Stoker is a highly intriguing film. It expertly combines various aspects and themes from family dramas, psychological thrillers, and horror films to tell a stunning story of murder and familial bonds. It also works as a lavish visual and sonic feast, giving the film various layers for enjoyment. And with its stellar cast, Stoker is a sumptuous film that lends itself to repeat viewings.
After Richard Stoker (Dermot Mulroney) dies under suspicious circumstances (at least in the gossip circles), his mysterious, unknown brother Charlie (Matthew Goode) appears to help Richard’s grieving family. Richard’s wife Evelyn (Nicole Kidman) is emotionally unstable at her loss, but finds comfort in the charming and seductive Charlie. But it is actually Richard’s daughter India (Mia Wasikowska) that Charlie finds most fascinating. India is an introspective young woman who was very close to her father. She is mistrusting of Charlie because his arrival coincides with the disappearances of her grandmother (Phyllis Somerville) and the housekeepers. While she keeps a close eye on Charlie, she also has to deal with the brooding and aggressive Whip (Alden Ehrenreich) who attempts to sexually assault her. When Charlie materializes to help her, she begins to see the real Charlie, while also learning insight about herself.
The Stoker family is riddled with secrets, both in the past and the unfolding present. Writer Wentworth Miller (yes, the same guy who starred in Prison Break) has riddled the film with enough clues for you to figure out what is going on, which makes the revelations that much more effective (and sometimes hard to stomach). Although the title may seemingly allude to Dracula author Bram Stoker, this is not at all a vampire film. The title uses the term “stoker” more literally as Charlie fuels India’s dark nature. The film is, however, inspired by Alfred Hitchcock’s 1943 film Shadow of a Doubt. That film also had a mysterious Uncle Charlie who was in love with his niece. While both films share some familiarity in the storytelling, Miller merely used the film as a “jumping off point” for his screenplay.
The stylistically-heavy direction by Chan-wook Park adds extra dimensions to the film’s theme. The story is told mostly through India’s heightened perspective. She hears every sound, played at a nearly deafening volume, from the malicious gossip of funeral goers to the sickening ooze and trickle of blood splatter. (When she rolls a hard-boiled egg on the table, you will cringe as you hear the bone-crushing crack of its shell.) Park also channels the visual aspects of the film. From the color palette of the Stoker’s home (a nice sea foam in the kitchen, yet a deep burgundy in Evelyn’s room) to the crisp, Banana Republic-style costumes, the character’s passions and personalities are easily established and expanded. They also provide a beautiful contrast for the Hitchcockian murders done with Quentin Tarantino levels of violence.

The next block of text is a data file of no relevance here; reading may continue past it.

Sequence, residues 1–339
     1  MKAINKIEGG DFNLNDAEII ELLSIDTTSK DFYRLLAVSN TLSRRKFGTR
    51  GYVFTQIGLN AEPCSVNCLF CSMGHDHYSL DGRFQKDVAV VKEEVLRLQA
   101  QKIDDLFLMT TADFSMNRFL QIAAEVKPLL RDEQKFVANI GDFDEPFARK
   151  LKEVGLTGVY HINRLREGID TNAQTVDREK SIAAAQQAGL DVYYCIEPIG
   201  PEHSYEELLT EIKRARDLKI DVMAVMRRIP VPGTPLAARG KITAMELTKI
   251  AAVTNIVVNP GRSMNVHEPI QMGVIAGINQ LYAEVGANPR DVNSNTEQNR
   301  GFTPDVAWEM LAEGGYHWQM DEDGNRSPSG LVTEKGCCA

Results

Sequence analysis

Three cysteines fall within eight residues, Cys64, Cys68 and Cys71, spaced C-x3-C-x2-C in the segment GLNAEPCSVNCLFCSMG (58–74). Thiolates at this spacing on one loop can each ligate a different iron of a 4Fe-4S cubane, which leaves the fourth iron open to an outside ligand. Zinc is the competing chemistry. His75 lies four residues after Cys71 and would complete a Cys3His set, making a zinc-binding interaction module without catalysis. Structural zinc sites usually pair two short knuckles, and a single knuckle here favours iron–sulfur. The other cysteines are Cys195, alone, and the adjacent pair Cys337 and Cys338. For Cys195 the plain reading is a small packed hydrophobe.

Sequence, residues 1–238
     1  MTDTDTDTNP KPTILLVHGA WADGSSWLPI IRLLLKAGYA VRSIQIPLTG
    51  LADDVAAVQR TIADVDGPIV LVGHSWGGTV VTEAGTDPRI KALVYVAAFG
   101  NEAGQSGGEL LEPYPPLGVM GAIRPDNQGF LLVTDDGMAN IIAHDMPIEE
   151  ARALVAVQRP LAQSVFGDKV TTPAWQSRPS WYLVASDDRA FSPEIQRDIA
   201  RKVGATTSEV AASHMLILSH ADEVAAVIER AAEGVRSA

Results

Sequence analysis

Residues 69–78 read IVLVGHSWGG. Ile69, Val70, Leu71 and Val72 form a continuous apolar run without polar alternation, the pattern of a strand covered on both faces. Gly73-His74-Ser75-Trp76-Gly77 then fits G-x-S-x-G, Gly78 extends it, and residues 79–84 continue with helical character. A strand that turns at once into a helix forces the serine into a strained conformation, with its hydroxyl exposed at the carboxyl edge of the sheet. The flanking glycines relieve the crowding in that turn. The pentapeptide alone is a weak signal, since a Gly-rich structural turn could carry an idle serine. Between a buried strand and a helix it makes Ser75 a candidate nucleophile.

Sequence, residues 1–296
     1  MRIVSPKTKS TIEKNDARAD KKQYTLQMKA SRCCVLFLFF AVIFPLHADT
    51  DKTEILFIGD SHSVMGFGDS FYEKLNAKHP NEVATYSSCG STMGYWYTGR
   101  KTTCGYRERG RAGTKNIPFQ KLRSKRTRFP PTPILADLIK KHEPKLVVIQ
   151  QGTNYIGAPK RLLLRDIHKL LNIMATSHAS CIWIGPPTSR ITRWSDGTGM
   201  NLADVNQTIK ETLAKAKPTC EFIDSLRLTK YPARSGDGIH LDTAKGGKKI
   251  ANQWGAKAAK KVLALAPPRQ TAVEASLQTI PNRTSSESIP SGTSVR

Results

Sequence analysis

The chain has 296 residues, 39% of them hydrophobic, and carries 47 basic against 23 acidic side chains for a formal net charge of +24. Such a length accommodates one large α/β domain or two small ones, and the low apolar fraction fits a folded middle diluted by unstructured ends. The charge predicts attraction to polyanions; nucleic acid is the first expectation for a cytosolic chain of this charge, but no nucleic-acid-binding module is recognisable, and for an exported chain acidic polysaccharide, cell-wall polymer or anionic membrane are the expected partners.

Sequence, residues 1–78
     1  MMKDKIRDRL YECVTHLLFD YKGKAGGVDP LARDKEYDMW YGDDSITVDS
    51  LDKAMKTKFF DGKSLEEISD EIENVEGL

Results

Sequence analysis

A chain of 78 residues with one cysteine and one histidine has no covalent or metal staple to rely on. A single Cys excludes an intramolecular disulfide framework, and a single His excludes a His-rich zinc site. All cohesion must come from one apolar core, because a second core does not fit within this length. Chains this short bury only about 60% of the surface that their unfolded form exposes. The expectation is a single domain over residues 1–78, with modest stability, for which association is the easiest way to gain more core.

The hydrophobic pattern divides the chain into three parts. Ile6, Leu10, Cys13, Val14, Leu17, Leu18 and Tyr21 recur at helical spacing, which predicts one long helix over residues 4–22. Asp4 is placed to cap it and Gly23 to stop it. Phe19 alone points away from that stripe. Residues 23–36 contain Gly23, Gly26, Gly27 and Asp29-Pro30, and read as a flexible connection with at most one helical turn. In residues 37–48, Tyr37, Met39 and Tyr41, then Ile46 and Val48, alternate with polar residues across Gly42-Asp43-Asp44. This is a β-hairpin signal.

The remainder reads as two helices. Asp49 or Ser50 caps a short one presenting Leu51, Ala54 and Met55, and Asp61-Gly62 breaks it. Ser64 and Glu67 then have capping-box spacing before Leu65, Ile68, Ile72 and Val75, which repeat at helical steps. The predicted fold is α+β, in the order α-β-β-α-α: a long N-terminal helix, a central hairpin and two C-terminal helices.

Park also uses visual cues to draw out the clues that Miller has placed in the script. India is constantly remembering various moments, quickly reinserted into sequences, as she begins to piece together Charlie’s past. While their repetition does become annoying, it also enhances the film and further expands the fascinating mind of India (so well captured by Wasikowska). Goode, too, does a great job of obscuring his motives in each scene, letting you guess what exactly is bubbling behind that charming smile of his.
Of course, Stoker will most likely incite those concerned with the teenage depiction of violence. As an 18-year-old, India is still too young to be “acceptably” violent in her actions. But Stoker is not glorifying the use of violence but exploring the nature of it. How much of India’s aggressive behavior is natural and how much has been stoked by Charlie or the bullies at school? Such questions should encourage expansive talk about youth violence instead of eliciting pure condemnation.
As previously stated, Stoker is a feast for the senses. And the many layers and revelations in the film will make you want to come back and explore the story once more.
"Stoker" opens March 1, 2013 and is rated R. Drama. Directed by Chan Wook Park. Written by Wentworth Miller. Starring Dermot Mulroney, Matthew Goode, Mia Wasikowska, Nicole Kidman.